Recently, the Financial Industry Regulatory Authority (“FINRA”) released a report detailing its observations from its cycle examination program. FINRA hopes the report will assist broker-dealers in strengthening their compliance with securities rules and regulations. FINRA noted that the report does not represent a complete inventory of observations about the industry as a whole, does not imply that any issues discussed exist at any particular firms, and should not be read as creating new legal or regulatory requirements or new interpretations of existingrequirements. The report discusses six areas that FINRA discovered that many firms had similar deficiencies in. The areas include Cybersecurity, Outside Business Activities and Private Securities Transactions, Anti-Money Laundering Compliance Program, Product Suitability, Best Execution, and Market Access Control.
It should be no surprise that cybersecurity is one of the principal operational risks highlighted by FINRA. Among the common threats observed during the examinations include phishing and spearphishing attacks, ransomware attacks and fraudulent third-party wires. FINRA suggests that firms should address several areas in order to improve their cybersecurity program against these threats. A few of the areas discussed include access management, segregation of duties, and data loss prevention.
Outside Business Activities and Private Securities Transactions
During the examinations, FINRA found that many firms failed to meet their obligations under FINRA Rules 3270 and 3280. The rules require registered representatives to notify their firms of proposed outside business activities (OBAs), and all associated persons to notify their firms of proposed private securities transactions (PSTs), respectively.
Anti-Money Laundering Compliance Program
Firms are required to develop and implement a written AML program that is reasonably designed to comply with the requirements of the Bank Secrecy Act (BSA). However, FINRA observed that many firms failed to maintain adequate policies and procedures for suspicious activity. Additionally, in cases where firms delegated aspects of their suspicious activity monitoring program to non-AML staff, potentially suspicious activity was not escalated appropriately. Lastly, FINRA reported deficiencies in the firms’ monitoring systems due to gaps in the data feeding those systems that were created.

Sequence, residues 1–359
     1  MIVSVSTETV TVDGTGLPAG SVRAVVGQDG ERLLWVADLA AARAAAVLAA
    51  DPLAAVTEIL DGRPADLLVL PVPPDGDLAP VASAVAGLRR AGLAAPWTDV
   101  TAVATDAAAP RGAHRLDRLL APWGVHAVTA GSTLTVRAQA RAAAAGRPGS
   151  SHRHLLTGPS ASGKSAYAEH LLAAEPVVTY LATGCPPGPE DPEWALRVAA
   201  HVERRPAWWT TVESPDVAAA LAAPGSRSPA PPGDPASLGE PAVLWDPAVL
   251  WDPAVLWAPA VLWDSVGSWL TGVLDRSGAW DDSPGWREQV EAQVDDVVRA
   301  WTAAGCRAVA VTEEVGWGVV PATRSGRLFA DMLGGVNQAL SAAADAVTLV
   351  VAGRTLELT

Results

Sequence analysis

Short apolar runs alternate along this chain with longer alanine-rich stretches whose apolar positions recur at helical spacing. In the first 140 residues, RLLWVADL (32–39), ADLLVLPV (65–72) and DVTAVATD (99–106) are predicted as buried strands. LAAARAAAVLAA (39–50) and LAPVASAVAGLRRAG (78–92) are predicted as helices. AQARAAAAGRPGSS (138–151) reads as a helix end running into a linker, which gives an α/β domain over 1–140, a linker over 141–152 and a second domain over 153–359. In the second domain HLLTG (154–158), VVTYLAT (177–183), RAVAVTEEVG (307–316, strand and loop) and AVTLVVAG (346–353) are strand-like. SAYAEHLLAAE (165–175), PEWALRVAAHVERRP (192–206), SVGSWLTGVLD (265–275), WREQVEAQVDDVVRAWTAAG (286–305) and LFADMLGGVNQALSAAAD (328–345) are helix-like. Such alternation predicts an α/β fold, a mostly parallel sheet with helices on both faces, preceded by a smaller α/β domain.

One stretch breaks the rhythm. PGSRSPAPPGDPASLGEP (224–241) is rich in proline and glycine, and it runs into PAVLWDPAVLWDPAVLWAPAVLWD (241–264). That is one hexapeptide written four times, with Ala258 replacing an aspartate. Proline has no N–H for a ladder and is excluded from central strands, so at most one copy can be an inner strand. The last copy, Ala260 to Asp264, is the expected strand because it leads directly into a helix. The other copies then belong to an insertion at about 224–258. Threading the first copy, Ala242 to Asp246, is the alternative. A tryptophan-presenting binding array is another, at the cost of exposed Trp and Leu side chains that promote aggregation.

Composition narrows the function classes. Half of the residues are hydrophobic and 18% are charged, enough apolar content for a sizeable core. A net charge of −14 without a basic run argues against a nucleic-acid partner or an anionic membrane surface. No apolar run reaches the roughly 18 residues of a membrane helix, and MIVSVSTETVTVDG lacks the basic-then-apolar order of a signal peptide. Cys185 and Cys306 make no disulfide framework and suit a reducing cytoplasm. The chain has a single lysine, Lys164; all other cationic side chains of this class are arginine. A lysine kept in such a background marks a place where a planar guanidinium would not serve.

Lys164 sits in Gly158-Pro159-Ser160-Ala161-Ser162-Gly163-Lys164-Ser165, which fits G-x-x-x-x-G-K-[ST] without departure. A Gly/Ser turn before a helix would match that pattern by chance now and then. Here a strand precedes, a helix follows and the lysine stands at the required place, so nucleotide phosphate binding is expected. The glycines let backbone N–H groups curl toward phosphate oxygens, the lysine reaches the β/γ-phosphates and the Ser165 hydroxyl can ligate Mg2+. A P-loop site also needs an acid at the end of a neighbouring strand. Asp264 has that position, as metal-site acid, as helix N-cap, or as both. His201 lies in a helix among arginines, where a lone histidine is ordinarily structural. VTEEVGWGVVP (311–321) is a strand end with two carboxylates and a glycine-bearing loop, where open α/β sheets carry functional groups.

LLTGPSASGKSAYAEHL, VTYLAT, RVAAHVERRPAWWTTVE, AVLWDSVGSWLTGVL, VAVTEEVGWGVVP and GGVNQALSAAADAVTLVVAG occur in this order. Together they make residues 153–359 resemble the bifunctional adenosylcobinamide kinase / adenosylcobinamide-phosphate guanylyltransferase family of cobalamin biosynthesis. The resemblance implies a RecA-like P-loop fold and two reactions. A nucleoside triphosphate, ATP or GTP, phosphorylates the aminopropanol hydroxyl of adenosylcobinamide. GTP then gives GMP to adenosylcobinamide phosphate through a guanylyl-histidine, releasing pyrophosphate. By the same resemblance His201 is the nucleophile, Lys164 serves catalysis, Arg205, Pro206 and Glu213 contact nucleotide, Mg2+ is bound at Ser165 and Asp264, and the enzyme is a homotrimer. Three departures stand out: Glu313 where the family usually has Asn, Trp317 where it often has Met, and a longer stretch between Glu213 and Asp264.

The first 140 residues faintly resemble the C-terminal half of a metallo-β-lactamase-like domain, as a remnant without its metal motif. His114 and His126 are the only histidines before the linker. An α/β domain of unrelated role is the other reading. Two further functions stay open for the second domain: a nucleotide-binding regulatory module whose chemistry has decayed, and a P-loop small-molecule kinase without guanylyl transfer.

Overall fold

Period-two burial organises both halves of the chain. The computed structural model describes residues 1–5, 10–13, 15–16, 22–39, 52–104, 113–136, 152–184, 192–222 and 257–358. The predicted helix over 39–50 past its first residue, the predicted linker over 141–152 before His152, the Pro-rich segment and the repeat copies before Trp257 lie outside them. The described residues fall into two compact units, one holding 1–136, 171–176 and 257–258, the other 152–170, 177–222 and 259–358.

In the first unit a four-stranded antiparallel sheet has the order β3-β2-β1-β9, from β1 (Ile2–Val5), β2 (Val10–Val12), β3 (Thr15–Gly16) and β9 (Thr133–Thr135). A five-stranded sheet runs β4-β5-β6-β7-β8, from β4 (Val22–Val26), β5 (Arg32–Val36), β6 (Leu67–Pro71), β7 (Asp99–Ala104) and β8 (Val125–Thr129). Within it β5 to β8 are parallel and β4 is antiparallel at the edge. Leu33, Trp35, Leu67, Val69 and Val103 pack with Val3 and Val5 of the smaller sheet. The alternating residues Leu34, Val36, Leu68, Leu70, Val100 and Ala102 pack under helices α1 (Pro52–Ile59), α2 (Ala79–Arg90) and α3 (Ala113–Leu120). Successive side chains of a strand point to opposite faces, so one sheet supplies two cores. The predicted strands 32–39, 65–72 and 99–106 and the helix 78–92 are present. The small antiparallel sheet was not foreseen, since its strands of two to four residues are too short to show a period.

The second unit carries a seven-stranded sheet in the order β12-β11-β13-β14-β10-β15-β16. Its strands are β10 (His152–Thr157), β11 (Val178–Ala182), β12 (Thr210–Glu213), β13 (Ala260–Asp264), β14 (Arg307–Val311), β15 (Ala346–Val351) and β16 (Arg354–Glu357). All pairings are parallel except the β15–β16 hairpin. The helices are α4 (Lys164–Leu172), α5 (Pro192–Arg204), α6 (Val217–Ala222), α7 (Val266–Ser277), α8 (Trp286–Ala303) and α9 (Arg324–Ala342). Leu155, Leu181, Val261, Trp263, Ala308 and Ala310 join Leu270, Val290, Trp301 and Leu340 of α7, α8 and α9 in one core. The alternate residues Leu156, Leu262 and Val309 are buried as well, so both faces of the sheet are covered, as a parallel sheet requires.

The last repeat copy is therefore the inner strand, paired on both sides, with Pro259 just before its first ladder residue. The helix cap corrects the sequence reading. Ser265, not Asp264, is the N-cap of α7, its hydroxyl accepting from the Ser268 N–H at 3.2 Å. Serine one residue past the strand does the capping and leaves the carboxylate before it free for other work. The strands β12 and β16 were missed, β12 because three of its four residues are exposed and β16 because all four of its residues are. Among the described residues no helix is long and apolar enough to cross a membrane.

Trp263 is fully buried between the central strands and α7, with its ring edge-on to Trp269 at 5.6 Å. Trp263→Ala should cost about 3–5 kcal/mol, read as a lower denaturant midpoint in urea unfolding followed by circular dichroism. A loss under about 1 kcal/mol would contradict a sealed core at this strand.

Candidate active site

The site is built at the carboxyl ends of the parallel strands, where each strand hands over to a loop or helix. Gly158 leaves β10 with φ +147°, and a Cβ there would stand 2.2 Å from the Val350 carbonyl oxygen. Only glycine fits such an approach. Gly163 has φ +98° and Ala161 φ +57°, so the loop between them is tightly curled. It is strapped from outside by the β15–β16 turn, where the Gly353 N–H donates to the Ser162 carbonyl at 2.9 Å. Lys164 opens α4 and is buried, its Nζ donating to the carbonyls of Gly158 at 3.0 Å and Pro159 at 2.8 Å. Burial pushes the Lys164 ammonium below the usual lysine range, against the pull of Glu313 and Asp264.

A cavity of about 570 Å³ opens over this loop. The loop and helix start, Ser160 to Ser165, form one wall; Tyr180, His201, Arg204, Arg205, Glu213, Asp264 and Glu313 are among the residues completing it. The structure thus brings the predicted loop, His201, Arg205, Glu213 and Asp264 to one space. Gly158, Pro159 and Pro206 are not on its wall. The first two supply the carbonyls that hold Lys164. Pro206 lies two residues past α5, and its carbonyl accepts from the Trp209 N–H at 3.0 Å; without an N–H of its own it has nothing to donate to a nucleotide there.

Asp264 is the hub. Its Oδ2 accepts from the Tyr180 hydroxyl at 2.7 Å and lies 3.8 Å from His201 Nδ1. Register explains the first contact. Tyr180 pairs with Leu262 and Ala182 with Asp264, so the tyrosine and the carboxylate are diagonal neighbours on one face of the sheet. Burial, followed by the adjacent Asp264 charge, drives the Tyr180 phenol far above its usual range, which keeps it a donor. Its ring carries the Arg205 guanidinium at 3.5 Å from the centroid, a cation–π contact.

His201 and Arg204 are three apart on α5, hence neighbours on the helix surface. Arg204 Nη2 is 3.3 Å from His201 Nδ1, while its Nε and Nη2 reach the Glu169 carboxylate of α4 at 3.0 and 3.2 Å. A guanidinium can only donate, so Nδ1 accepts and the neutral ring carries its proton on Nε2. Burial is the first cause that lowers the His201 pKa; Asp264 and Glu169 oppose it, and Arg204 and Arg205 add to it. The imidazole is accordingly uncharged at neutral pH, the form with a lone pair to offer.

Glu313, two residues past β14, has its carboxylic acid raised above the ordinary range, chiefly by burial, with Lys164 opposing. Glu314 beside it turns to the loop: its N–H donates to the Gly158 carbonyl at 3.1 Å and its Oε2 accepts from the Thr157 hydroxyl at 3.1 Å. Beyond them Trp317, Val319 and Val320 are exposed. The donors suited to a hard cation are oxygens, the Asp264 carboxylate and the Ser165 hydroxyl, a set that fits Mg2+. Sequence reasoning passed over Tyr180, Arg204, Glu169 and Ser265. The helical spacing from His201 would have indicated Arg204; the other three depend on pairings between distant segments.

FINRA observed that many firms failed to meet their suitability obligations to customers. Specifically, with products such as unit investment trusts (UITs) and certain multi-share class and complex products, such as leveraged and inverse exchanged traded funds (ETFs). Additionally, Firms failed to provide training to their registered representatives with respect to suitability issues as it relates to the products mentioned.
Firms are required to execute customers’ orders in a way to obtain the most advantageous terms for the customer. Upon examination, it was found that many firms failed to implement and conduct an adequate regular and rigorous review of the quality of the executions of the customers’ orders which is critical to the supervision of best execution practices.
Market Access Control
As it relates to Market Access, FINRA found that many firms that provide market access fail to establish pre-trade financial thresholds, implement and monitor aggregate capital or credit exposures, and tailor erroneous trade controls. Additionally, FINRA found that many firms did not appropriately apply the Market Access Rule to some or all of their fixed income activities.
Within the report, FINRA notes the processes that many firms have successfully implemented to address the areas discussed. Firms should read FINRA’s report, assess their programs and procedures, then make any necessary changes.